How To Avoid Buying Too Much House

How Much House is too Much

Too Much House

If you’ve never heard the phrase “buy too much house” before, it’s a good one to be familiar with. Buying too much house means you buy a more expensive house than you can afford. Sure, you may be able to make the minimum monthly payment and the lender approved you for the loan so you’re good to go, right? Wrong! It’s very possible to be approved for a home that’s more expensive than you really should be buying. The difficult thing about this is that it’s very subjective; you can’t just throw out blanket rules that are the definitive measurements of how much house you can afford. While there are guidelines that can be laid out, and there are definitely indicators of whether you’re buying too much house, only someone intimately familiar with your finances (as you hopefully are) can know for sure if you are buying too much house.


You Are Your Own Master

No one is responsible for this besides you. The loan officer is not there to tell you how to spend your money, and plenty of loan officers will tell you they’ve closed on plenty of loans that they would never have done if they were the borrower. Why? Because it’s not the loan officer’s job to tell you how to manage your money. You’re a big boy or girl and you can make your own decisions. Unfortunately that means that we all need to have a clear understanding of what we’re getting ourselves into when we buy a house, and we need to know the guidelines and red flags to keep us from getting more than we can really afford. This responsibility to both learn about how to know if you’re buying too much house and to choose not to do so is yours and yours alone, so take it seriously. Plenty of responsible people got hit hard when the recession hit, but the ones that got hit the hardest were people who bought too much house in the first place.


Your Debt-to-Income and Other Signals

There are a few things to look at that can help you know how much house you can afford. The first one is your Debt-to-Income ratio, abbreviated as your DTI. You will not usually get approved by a lender if the addition of the proposed monthly payment brings your DTI higher than 41%, though there may be some exceptions. That said, 41% is a pretty high DTI, and if you’re flirting with that line, that’s a really good indicator of buying too much house. 35% is much better, and 30% is where you start to be in really good shape. Now, we’ll talk about this more in-depth in a bit, but choosing a 30-year fixed because the 15-year brings your DTI close to 41% would not be a great decision. Other signals include how much credit card debt you have – your DTI only incorporates the minimum payment on your cards, which will result in a large amount of interest over time, so you’ll want to evaluate how much credit card debt you have and how quickly you can pay it off. You also want to look at how stable and reliable your income is, and whether it’s likely to get larger, go lower, or stay the same. Are you in the sort of position where it’s likely your hours will be cut as employers comply with Obamacare? Those signals are less concrete but all help to paint a clear picture of what you can realistically afford.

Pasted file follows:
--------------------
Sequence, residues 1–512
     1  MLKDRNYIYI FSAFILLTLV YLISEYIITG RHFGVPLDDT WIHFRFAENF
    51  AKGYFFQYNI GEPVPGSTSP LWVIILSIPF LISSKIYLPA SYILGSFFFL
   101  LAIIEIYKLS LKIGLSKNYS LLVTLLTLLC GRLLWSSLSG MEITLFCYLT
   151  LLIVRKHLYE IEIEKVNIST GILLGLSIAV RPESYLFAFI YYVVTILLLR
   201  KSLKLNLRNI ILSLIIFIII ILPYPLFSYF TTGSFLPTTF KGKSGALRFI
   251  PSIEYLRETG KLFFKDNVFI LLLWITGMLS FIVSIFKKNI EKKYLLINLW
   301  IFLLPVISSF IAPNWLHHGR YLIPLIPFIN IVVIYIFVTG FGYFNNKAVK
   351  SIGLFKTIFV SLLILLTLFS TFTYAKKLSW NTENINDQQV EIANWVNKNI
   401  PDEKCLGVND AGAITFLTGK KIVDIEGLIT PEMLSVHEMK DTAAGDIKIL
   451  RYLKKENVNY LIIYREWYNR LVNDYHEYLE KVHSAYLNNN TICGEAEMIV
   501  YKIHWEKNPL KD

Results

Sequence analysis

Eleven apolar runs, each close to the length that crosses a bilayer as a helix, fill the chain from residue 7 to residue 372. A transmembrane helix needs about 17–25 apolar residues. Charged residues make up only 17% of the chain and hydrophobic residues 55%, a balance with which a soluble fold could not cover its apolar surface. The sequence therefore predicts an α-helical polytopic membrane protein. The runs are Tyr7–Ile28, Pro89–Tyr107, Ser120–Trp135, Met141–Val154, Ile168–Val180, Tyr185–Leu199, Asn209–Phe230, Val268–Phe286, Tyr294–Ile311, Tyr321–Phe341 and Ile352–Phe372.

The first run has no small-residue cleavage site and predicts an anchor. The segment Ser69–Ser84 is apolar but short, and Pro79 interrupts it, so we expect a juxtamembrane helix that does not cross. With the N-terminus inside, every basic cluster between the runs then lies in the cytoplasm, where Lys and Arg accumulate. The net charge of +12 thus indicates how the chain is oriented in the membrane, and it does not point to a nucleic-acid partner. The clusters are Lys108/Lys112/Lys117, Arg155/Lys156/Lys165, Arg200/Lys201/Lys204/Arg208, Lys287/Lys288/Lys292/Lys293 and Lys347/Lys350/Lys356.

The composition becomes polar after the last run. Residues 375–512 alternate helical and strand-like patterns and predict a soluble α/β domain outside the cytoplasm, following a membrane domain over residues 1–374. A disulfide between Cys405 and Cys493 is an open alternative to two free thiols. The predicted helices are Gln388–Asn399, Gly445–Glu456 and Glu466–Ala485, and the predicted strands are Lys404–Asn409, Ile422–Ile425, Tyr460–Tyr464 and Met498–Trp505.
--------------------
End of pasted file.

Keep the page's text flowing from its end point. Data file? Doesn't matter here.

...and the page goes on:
The Effect of the 30-Year Fixed

The 30-year fixed is a very divisive thing in the mortgage industry – many (like this author) look at the 30-year fixed as a poisonous viper that’s out to get borrowers and ruin the potential wealth that buying a house can bring. Others look at the 30-year fixed as the door that has opened up homeownership to literally millions of families who would not have been able to afford it otherwise. Regardless, the 30-year fixed can easily lull borrowers into buying more house than they can afford. Why? Because the monthly payment drops so much on a 30-year that all of the sudden the DTI is fine, the income is fine, and borrowers can suddenly qualify for the house they want. While this can work out just fine, and has for many people, this can also be a recipe for disaster, and is a good way to buy more house than you should be. If you can’t qualify for the loan on a 15-year fixed, chances are you shouldn’t be buying that expensive of a home. It may seem rough, but you’ll accrue equity much, much faster on a 15-year fixed so you’ll actually be able to save up a big down payment to pay down the balance on a more expensive home more quickly.


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